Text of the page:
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Asthma should be taken seriously, treated
Health advice
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Many of you already know about the death of Jarvis Williams, a former defensive back for the Miami Dolphins and New York Giants. Williams died last Tuesday night in north Florida at age 45. The medical examiner confirmed that the cause of death was from an acute asthma attack.
Since his retirement, Williams volunteered as a coach at Interlachen High School in Putnam County, Fla. Principal Phyllis Criswell said he was in good shape and perfectly healthy at practice Tuesday afternoon.
Many Americans experience respiratory distress from pollen in the spring or from complications of inhaled smoke or other triggers such as exercise-induced asthma. The number of children with asthma has reached epidemic proportions in preschool children (160 percent increase) and has increased 75 percent in school-aged children. Seven percent of all U.S. children have asthma and the number of deaths related to asthma in children has nearly tripled during the past 15 years.
Although the death rate has increased in all racial and ethnic groups, African Americans experience a much higher death rate from asthma than any other group. In 1995, the death rate for black children was more than four times the rate in white American children. Asthmatic kids cost health plans almost twice as much as other sick children. They end up in the hospital for twice as many days and are given almost three times as many prescriptions.
An inflammatory respiratory disease, asthma is characterized by recurrent attacks of breathlessness, wheezing, chest tightness, coughing and excess mucus. As a result of this lung inflammation, airways become blocked or narrowed due to swelling, muscular contractions and mucous production. Although these effects are usually temporary, they can produce disturbing symptoms and dramatically affect the amount of oxygen a person takes in. All levels of asthma are serious.
As seen in Williams’ case, asthma can be deadly if not treated properly. More than 5,500 people (14 each day) die from asthma each year with more females dying of asthma than males and more blacks than whites. Those at greatest risk of death from asthma are people older than 50 and younger than 9.
The environmental triggers most likely to cause asthma attacks have become well-defined. Dust mites, cockroaches, mold and animal dander are the principal allergens that trigger asthma symptoms. Tobacco smoke also is an irritant that can trigger an episode and worsen the effects. Other triggers include:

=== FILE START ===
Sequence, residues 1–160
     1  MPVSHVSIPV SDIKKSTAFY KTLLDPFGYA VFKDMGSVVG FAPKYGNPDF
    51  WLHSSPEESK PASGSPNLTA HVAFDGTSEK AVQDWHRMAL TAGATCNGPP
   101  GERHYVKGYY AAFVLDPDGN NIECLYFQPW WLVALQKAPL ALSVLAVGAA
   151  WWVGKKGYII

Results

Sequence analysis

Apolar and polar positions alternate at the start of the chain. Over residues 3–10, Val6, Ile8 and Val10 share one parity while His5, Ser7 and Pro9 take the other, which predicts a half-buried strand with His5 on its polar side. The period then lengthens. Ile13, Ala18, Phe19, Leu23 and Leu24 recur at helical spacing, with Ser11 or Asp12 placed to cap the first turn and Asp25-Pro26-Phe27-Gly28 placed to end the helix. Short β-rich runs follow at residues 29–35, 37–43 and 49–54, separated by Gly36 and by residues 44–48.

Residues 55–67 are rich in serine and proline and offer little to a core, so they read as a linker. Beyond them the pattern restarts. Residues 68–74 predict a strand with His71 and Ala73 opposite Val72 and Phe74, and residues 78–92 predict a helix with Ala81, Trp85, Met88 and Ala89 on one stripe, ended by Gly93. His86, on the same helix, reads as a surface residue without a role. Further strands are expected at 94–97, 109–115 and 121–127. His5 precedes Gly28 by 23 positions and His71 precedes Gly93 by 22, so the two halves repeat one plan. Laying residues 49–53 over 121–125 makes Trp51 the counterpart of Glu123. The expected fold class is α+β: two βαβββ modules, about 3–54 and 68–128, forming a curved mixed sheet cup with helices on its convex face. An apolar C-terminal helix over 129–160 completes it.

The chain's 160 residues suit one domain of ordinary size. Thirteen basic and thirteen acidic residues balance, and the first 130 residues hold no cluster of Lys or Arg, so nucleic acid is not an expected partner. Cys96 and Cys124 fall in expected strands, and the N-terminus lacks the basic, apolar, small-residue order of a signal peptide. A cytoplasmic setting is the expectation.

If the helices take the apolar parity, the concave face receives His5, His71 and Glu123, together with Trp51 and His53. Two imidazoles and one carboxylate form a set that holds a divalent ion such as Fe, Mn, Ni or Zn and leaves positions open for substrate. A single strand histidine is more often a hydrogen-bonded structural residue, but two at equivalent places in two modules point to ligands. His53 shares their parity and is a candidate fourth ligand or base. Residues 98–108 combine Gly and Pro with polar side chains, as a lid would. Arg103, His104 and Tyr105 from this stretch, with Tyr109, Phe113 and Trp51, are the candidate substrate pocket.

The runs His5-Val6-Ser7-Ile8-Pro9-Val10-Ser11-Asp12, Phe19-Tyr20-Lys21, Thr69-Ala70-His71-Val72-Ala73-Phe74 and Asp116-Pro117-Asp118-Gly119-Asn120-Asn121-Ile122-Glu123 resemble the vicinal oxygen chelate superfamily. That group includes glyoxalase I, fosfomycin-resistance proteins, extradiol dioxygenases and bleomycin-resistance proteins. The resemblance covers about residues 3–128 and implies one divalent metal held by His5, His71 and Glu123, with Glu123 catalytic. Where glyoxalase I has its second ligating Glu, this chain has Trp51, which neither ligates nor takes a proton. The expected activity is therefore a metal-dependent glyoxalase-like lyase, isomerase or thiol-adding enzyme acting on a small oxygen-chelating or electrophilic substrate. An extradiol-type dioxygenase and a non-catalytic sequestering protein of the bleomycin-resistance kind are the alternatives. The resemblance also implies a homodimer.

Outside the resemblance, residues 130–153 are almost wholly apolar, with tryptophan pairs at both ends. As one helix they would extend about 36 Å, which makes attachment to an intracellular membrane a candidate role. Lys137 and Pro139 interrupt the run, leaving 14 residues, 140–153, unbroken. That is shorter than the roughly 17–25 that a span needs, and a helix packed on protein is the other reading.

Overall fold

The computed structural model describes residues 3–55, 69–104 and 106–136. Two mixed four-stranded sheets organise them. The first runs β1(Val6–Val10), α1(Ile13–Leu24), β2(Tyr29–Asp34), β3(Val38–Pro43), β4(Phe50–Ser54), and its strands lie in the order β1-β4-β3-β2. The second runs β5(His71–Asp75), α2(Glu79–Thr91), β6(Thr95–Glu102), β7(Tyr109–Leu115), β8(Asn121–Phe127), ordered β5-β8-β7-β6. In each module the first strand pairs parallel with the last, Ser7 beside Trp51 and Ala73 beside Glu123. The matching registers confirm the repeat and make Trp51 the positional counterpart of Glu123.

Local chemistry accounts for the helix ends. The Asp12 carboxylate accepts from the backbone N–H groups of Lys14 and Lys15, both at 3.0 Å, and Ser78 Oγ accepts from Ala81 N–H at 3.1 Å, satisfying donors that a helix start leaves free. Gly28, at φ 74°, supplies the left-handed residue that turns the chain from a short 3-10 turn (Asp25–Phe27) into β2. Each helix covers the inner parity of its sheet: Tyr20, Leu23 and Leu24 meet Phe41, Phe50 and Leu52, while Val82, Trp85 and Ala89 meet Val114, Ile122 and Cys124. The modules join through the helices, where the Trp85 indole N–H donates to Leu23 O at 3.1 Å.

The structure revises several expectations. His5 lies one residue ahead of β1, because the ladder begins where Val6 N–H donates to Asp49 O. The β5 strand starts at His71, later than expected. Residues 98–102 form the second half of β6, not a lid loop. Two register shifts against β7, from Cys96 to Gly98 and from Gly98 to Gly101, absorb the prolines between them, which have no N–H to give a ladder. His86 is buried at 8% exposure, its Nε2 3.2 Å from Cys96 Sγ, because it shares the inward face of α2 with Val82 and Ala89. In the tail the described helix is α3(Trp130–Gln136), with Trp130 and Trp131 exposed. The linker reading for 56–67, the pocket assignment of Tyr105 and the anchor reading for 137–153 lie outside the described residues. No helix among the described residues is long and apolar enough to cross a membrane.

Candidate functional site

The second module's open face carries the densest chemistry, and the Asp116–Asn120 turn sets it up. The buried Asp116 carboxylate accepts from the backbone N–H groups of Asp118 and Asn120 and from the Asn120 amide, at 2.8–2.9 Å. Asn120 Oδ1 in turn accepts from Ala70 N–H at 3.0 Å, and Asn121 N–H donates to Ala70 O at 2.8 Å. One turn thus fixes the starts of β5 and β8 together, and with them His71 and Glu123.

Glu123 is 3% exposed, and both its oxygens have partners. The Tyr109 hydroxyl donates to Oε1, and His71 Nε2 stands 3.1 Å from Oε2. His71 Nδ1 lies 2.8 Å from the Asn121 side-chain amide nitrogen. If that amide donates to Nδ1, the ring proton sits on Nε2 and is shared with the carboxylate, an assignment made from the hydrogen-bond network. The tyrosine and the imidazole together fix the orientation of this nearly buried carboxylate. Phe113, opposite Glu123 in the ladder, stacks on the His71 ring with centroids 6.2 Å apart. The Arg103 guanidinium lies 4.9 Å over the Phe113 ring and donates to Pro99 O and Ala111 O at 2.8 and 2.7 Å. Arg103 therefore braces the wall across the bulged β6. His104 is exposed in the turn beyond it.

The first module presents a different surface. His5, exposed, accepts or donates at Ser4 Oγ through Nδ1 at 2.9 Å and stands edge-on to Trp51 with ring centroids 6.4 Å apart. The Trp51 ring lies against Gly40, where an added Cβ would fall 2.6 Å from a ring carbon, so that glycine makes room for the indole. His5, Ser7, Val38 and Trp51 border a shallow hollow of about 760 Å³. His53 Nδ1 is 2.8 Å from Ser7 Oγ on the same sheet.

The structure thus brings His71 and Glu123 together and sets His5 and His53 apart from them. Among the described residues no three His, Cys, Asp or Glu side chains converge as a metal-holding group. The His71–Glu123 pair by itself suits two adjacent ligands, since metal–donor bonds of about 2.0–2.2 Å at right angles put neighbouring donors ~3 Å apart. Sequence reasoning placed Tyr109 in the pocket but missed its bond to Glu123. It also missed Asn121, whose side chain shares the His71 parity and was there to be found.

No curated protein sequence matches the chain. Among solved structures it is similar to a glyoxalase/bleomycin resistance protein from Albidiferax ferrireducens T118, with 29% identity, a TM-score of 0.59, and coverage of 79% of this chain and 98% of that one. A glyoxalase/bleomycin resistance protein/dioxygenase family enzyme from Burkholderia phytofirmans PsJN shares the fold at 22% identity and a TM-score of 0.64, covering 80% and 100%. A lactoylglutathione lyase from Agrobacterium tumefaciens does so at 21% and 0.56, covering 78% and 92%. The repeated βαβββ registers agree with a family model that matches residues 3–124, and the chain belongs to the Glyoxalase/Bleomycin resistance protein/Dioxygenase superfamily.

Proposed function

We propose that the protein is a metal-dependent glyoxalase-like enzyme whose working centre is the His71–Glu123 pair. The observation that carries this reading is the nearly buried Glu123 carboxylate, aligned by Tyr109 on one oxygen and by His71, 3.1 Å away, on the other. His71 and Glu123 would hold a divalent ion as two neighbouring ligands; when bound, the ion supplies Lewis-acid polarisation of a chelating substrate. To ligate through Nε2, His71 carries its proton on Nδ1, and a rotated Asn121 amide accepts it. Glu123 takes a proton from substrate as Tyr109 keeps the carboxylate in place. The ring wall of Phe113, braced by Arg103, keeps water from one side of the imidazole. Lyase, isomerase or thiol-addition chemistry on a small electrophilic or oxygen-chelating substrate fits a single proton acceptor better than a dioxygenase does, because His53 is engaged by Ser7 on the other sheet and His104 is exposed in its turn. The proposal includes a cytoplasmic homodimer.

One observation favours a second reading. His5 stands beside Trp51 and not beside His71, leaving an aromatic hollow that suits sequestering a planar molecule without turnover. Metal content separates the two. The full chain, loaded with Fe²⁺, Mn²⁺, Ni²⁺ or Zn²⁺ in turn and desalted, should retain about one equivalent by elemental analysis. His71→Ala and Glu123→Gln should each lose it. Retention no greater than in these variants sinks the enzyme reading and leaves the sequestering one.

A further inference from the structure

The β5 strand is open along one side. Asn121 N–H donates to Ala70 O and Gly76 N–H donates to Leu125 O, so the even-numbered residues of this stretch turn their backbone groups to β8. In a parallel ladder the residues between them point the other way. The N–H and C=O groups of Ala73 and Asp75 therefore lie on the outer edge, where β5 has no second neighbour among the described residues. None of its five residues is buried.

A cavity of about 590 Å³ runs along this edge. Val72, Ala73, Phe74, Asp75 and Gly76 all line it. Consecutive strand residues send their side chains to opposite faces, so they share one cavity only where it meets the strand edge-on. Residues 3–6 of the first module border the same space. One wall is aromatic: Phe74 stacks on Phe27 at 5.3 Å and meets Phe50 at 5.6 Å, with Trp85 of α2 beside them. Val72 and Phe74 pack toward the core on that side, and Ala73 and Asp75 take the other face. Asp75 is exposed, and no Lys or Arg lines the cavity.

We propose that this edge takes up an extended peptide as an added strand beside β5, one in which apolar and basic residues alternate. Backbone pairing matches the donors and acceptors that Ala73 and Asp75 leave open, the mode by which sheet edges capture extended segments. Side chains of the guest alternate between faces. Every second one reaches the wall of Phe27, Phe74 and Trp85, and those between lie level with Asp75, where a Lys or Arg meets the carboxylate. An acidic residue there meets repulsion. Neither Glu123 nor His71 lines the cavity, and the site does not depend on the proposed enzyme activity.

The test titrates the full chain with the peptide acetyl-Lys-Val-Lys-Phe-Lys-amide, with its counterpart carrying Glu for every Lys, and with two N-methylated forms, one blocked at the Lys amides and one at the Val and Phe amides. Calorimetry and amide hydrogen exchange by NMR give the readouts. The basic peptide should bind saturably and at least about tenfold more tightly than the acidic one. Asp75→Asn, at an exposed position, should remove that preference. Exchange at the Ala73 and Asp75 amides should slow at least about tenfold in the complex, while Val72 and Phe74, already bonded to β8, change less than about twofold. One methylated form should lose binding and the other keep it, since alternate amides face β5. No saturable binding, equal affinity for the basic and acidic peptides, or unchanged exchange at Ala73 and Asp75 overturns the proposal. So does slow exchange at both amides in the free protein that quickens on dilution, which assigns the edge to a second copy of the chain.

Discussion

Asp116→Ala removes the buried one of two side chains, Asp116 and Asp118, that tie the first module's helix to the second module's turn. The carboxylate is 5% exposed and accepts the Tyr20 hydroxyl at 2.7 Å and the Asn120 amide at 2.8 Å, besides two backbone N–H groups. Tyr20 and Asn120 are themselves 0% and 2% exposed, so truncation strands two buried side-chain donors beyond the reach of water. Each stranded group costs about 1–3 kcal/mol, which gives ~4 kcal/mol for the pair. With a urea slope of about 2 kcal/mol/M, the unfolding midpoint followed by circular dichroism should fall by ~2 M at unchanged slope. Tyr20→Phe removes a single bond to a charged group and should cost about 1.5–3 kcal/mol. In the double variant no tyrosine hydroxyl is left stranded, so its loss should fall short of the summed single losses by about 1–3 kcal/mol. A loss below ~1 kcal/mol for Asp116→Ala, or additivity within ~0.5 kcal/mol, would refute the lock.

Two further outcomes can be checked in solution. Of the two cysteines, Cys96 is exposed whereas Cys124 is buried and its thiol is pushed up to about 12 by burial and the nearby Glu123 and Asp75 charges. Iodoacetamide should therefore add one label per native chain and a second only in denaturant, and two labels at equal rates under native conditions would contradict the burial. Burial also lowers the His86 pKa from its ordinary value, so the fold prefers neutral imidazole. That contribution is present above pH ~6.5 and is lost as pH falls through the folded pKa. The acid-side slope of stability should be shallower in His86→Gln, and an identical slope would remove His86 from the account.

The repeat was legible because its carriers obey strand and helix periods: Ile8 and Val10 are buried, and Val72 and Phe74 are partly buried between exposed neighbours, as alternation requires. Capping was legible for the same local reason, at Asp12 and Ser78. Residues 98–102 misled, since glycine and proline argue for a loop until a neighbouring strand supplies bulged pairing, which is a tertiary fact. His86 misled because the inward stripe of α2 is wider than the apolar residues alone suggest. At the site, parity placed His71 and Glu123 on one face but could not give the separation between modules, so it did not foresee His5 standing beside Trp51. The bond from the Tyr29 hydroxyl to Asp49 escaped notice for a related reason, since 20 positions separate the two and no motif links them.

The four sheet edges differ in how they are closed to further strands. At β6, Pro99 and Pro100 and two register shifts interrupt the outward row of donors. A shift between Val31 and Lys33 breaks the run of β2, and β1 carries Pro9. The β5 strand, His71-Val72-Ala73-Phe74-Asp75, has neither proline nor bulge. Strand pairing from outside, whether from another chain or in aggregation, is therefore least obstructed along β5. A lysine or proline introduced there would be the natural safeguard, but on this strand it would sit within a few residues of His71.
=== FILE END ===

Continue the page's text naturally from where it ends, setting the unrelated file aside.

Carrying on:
• viral respiratory infections
• exposure to workplace chemicals or allergens
• environmental change resulting from moving or vacation
• exposure to perfumes, hairsprays, air pollutants, vapors, gasses and aerosols
• emotional expressions such as fear, anger, frustration, crying and laughing
• medications such as aspirin, beta-blockers, food additives and preservatives
• changes in weather, air pressure, humidity and cold air
• Exercise. Seventy-five percent of asthma sufferers experience exercise-induced asthma.
• menstrual period, pregnancy or thyroid disease
• cold drinks
It is not known why some people get asthma and others do not. Asthma tends to run in some families and family members have been known to inherit allergies to environmental substances.
Approximately 50 percent of children with asthma outgrow it when they reach adolescence. As a child’s airways mature, they are able to handle airway inflammation and irritants better, so asthma symptoms may decrease. More people in the South have asthma than in any other region.
There is no cure for asthma, but it can be controlled. There are many medicines to help people with asthma. Some are preventive and others are quick relievers. The preventive drugs are used for long-term control of the disease and work to make attacks less frequent and severe. Quick-reliever medicines offer short-term relief of symptoms when asthma episodes occur.
If you or someone you know has experienced symptoms and suspects they have asthma, schedule an appointment with your health-care provider.

Ratcliffe is a consultant to the Coastal Health District. You can call her at 876-6399.
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